"Shada" - PDA - Case of the month
Shada is now an eleven month old Newfoundland puppy who was born with a congenital heart defect called a Patent Ductus Arteriosus (PDA). PDA is the abnormal existence in an adult animal of a normal fetal structure. A PDA is a connection between the aorta and the pulmonary artery that is present when the puppy is in the uterus. This connection in the puppy shunts blood around the nonfunctional pulmonary (lung) circulation by connecting the pulmonary artery to the aorta. This connection usually closes when the puppy is born. When this connection does not close, it is called a Patent Ductus Arteriosus (PDA). It is one of the most common congenital heart defects in dogs.
Without treatment 2/3 of affected puppies will die before reaching an age of one year.
Shada did not have any signs of heart disease when this was discovered. She had a heart murmur that was picked up when she had a physical examination at 6 weeks of age. Her heart murmur was the characteristic heart murmur of a PDA. She had a continuous machinery type murmur (sounds like wind blowing through a tunnel) that could even be felt when you placed your hand on her chest. Since a ductus should close soon after birth, it is abnormal to hear a murmur of this type in a pup older than 1-2 weeks of age.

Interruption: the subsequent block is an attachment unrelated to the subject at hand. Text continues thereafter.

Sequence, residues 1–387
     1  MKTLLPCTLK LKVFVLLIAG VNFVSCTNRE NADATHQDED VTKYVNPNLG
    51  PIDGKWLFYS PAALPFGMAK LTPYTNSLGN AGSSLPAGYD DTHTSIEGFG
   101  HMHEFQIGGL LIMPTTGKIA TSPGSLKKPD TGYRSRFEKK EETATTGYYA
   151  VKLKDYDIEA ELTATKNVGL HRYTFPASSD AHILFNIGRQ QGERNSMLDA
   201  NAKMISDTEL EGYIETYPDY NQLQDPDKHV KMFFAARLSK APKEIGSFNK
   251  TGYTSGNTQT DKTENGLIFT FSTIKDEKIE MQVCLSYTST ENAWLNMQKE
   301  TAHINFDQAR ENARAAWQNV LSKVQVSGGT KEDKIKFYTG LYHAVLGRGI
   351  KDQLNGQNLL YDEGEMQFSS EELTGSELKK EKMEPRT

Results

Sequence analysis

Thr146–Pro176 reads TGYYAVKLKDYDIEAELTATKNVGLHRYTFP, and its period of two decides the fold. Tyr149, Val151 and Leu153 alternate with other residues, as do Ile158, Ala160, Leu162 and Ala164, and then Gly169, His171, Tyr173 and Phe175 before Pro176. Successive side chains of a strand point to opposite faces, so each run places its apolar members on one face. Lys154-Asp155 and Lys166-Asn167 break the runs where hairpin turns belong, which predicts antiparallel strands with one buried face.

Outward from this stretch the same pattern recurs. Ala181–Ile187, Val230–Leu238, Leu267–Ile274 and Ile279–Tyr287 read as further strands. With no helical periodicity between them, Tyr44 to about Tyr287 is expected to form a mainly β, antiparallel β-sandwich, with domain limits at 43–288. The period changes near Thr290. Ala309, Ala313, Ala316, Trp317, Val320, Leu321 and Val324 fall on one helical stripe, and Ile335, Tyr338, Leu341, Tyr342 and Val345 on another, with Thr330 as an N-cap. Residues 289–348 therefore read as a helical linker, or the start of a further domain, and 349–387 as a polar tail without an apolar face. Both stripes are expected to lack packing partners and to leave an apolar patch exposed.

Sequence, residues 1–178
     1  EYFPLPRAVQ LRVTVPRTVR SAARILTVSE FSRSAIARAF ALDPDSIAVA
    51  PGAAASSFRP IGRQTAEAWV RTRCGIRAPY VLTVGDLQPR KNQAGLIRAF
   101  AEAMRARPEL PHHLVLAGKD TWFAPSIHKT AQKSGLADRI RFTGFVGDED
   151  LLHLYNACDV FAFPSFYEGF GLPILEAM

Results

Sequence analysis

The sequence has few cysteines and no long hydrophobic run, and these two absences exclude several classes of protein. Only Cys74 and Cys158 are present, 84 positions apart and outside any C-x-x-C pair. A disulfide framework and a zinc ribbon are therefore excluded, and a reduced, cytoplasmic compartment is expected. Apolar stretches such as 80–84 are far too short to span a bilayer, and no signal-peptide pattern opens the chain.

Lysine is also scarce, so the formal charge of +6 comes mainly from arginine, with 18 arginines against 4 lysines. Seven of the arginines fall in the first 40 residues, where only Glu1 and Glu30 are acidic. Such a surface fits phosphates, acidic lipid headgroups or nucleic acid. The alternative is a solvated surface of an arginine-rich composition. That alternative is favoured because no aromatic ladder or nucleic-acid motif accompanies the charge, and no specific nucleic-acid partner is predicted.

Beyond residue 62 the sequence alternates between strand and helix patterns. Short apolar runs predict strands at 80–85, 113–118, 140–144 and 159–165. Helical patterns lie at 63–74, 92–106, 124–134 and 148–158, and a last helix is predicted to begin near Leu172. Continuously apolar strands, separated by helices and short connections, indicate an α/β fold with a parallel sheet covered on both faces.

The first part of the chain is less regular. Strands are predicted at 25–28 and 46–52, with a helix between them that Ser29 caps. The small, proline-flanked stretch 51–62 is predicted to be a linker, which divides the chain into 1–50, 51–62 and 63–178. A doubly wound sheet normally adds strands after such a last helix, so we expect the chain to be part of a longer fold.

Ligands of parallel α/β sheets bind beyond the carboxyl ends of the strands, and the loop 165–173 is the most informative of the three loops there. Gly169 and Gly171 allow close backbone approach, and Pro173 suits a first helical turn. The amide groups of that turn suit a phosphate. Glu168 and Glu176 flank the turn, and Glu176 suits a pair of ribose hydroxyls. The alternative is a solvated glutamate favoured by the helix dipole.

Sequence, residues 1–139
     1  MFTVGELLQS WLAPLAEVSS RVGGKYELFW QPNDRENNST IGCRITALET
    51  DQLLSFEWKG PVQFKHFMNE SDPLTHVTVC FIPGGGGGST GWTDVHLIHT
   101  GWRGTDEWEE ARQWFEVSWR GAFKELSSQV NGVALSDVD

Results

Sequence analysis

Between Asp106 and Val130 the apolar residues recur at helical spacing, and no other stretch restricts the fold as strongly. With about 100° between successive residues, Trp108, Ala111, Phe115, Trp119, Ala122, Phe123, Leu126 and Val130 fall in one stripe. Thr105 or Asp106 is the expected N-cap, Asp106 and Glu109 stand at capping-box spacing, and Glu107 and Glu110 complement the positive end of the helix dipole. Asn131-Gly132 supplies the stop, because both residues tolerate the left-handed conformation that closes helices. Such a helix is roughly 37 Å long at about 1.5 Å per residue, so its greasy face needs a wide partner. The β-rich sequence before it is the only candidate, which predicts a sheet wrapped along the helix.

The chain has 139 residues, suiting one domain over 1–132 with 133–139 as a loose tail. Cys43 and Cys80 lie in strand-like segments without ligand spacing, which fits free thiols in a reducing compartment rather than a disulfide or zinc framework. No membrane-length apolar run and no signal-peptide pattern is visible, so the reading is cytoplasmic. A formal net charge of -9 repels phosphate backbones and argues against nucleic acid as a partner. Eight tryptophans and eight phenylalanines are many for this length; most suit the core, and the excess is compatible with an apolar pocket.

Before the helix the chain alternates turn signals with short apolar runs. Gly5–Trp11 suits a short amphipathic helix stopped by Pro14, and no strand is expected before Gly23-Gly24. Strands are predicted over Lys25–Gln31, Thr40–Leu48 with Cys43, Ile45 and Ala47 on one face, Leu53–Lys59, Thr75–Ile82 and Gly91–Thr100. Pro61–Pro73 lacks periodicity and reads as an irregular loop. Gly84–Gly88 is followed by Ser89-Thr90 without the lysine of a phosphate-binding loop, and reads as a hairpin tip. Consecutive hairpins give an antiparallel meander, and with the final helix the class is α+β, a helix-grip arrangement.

If untreated, A PDA can cause symptoms such as a cough, decreased exercise tolerance, poor growth, failure to thrive, and fluid back up in the lungs (pulmonary edema). Heart failure can develop as well as arrythmias and ultimately, death.
Shada needed surgery to ligate the ductus so that her circulation would be restored back to normal. In her current state, her lungs were being overcirculated and the left side of her heart would weaken and enlarge since it was pumping a unusually large volume of blood. Click here to read more about PDA and see diagrams of the abnormal circulation.
Shada had chest x-rays taken which helped to confirm the diagnosis. She had the characteristic enlargement of the aorta (ductal aneurysm) and enlargement of the left side of the heart where the extra blood volume is contained.
Shada's owner had 10 other puppies at home. She could not afford the recommended ultrasound to confirm the diagnosis and then the cost of surgery performed by a cardiologist. She had recently had another dog who had required an ultrasound and her budget was tapped. She was considering euthanasia when she asked if we would be willing to attempt the surgery. She knew that it was a difficult surgery and that we had never performed this surgery before. We discussed the possible complications and risks (infection, the possibility that the ductus could not be ligated, death, and the possibility that another defect might be present since no ultrasound examination had been performed) and scheduled her surgery.
Shada had her surgery when she was 16 weeks old. Her ductus was successfully ligated and she had no complications after her surgery. In fact, she was bouncing around only 2 days after her procedure. It was hard to keep her quiet. Not long after her procedure, she went to her new home on a farm in Virginia.
Shada is the case of the month because:
1) She was a sweetie the whole time she was in the hospital and captured everyone's hearts with her soulful sagging eyes!
2) She came through her surgery with stamina and strength. She can live a full normal life now.
Shada in a recent photo - almost all grown up!
Here is another pup, Pumpkin, who was born with a PDA. She had surgery at ELAH to correct the defect and recovered with flying colors! Here she is with her proud owners.